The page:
FTC acts against "Brightest Flashlight" app for deceptively tracking your location

Filed Under: Featured, Law & order, Privacy

We've written several times recently about the problems we face - whether as consumers, programmers, vendors or users - from mobile adware.

Ads in mobile apps are generally regarded with less suspicion and more tolerance than they are in desktop apps, as a sort of quid pro quo for not having to pay a monetary price to use them.

Indeed, lots of apps have a free version that is ad-supported, and a fairly inexpensive paid version that dispenses with the ads.

A few dollars, or a few ads? You choose...

Sadly, however, if you give app developers a centimetre, a few of them will take 633.6 metres. (Yes, there are 63,360 inches in a mile.)

And one example that we've heard lots of people use as an archetype for "going too far" is the story of the torch (flashlight) app that collected your location data.

Really? A torch that needs to know where you are? What on earth for?

So it can adapt the intensity of the light to your latitude? To tell you the number of hours until sunrise, and whether your phone battery will hold out that long?

Of course not!

The data was mined and sold to advertisers.

Sure, you could decline the data harvesting if you wanted to, at least in the Brightest Flashlight app from Goldenshores Technologies, LLC, by clicking a [Refuse] button.

But it turned out to mean REFuse in the sense of the noun meaning "garbage," not reFUSE in the sense of the verb meaning "to say no."

That's because the app called home anyway, reporting both your device ID and your precise location, before you'd had time to say whether you wanted it to or not.

The good news is that the US Federal Trade Commission (FTC), which aims to protect consumers against fraud, deception, and unfair business practices, has decided that this is unacceptable.

The FTC has reached a settlement - a so-called consent decree - with the makers of this info-grabbing app, officially labelling them in its press release as "deceivers", and saying:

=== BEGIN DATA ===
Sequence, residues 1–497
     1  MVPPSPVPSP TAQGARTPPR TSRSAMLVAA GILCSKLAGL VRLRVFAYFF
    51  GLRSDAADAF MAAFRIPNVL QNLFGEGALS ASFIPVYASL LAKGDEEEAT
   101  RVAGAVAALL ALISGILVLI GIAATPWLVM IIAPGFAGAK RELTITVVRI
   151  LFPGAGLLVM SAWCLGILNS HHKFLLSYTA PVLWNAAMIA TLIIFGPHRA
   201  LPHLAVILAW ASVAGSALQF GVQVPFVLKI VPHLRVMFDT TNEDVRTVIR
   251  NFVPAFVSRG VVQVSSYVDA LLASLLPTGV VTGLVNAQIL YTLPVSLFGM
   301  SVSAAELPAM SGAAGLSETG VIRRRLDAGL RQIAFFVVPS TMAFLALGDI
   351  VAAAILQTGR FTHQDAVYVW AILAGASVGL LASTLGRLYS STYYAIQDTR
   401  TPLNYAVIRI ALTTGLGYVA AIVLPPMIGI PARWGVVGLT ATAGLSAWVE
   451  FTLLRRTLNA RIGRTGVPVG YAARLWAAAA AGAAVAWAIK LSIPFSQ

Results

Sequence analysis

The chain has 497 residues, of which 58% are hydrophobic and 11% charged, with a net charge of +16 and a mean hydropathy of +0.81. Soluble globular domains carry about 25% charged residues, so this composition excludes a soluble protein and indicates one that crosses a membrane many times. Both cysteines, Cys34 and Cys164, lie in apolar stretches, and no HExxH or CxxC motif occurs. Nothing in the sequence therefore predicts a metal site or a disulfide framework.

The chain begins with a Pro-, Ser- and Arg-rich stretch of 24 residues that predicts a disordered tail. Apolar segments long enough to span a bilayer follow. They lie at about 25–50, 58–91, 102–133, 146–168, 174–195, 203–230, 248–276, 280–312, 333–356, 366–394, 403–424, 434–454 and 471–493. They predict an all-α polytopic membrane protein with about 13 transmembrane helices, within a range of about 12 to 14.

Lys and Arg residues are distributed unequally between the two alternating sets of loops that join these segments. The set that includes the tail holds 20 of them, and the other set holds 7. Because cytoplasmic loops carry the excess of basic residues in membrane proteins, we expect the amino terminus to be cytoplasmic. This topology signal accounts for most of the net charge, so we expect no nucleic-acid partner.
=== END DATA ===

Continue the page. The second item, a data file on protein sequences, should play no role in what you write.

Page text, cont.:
When consumers are given a real, informed choice, they can decide for themselves whether the benefit of a service is worth the information they must share to use it. But this flashlight app left them in the dark about how their information was going to be used.

The penalty doesn't add up to much - it pretty much boils down to an agreement not to do it again, or else.

But it's a start.

Image of brightly-shining torch courtesy of Shutterstock.

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14 Responses to FTC acts against "Brightest Flashlight" app for deceptively tracking your location

  1. Mark · 138 days ago

    A slap on the wrist with a wet bus ticket is tantamount to approval. It really means "Don't get caught". Are any of the US agencies above board?

  2. Malcolm Curson · 138 days ago

    A mile does not equal 633.6 metres.because a metre is not 100 inches.

    • Paul Ducklin · 137 days ago

      But an inch is to a mile (1:63,360, the old scale UK Ordnance Survey maps) as a centimetre is to 633.6 metres. So "to give an inch and take a mile" translates that way in relative terms.

      Maybe it isn't that amusing after all. You can write it off as a divisory joke if you wish.

      • Anonymous · 137 days ago

        Maybe it isn't... Maybe it isn't....

      • MikeP_UK · 135 days ago

        A mile is 63360 inches and 1 inch is 2.54 cm, so a mile is 1,609.344 metres. Sorry, your calculation logic is not correct. You should have related a cm to a metre, but that is not how it is presented.